According to the American Diabetes Association, nearly 26 million American children and adults have diabetes, and 79 million more are at a high risk of developing the disease. This makes it important to recognize diabetic emergencies in the workplace, say executives at Cintas Corporation, providers of first-aid and safety products and services delivery.

In recognition of American Diabetes Month, Cintas outlined five steps employees should take during a diabetic emergency.

“A diabetic reaction can happen at any time and employees must be ready to respond quickly and correctly,” said Nancy Petersen, Senior Marketing Manager, Cintas. “These steps not only raise awareness of diabetes, but provide ways for first responders to help a coworker in need.”

These steps for handling a diabetic reaction include:

1. Check for medical bracelets and necklaces—Diabetics often wear medical bracelets or necklaces to alert others of their condition. These identification pieces inform work colleagues and emergency personnel of the individual’s personal information and their diabetes type when the victim is unable to communicate.

2. Call emergency service providers—When a diabetic emergency occurs, a worker should immediately dial for help (i.e. 911) from a landline phone. Once emergency personnel arrive, employees must be prepared to answer questions about the signs and symptoms of the reaction, how long the diabetic has been unresponsive and what, if any, help was given prior to the arrival of medics.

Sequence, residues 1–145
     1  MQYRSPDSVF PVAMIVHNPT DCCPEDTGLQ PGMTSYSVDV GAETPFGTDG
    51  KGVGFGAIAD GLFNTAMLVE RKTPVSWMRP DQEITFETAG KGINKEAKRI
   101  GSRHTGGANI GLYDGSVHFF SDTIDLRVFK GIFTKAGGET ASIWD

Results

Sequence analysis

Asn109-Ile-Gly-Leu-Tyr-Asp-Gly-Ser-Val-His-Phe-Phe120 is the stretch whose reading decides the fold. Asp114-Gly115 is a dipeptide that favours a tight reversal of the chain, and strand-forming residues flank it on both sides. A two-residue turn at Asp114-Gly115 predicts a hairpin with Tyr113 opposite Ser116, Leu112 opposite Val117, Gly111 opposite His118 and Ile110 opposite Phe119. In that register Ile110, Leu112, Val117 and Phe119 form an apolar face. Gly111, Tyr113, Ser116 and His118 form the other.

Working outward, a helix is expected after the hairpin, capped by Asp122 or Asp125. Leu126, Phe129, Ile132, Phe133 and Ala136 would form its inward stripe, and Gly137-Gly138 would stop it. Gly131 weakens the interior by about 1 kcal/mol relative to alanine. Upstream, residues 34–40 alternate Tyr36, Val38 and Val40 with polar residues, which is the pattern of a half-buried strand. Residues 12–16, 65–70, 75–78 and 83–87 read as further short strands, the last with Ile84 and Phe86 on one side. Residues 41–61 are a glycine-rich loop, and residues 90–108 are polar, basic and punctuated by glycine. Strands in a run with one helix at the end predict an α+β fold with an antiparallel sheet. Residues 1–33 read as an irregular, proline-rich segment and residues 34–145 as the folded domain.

3. Locate your employer’s first-aid cabinet—Employees should be able to locate the first-aid cabinet quickly and easily. Ideally, it will be filled with a variety of solutions, including a glucose product to help elevate low blood sugar levels. Products should be contained in individually sealed, tamper-evident packets to avoid contamination.

4. Use alternate solutions if necessary—If the employer does not have a glucose solution or easily accessible first-aid cabinet, alternate solutions will be required. Sugary drinks such as soda or fruit juice and sugary foods like candy bars and donuts can be given to an individual experiencing a diabetic attack. After increasing sugar levels, some form of carbohydrate, such as bread, should be given to the patient in order to sustain these levels.

5. Recall your training—Since the ADA notes that a diabetic reaction can happen suddenly, and help is often minutes away, businesses should conduct first aid training throughout the year to prepare employees for an emergency. Safety directors should ensure first aid posters are up to date and posted in common areas.

“Diabetes affects 8.3 percent of our country and is a bigger killer than breast cancer and AIDS combined,” added Petersen. “Preparing employees to take these steps during a workplace emergency can mean the difference between losing a life and saving one.”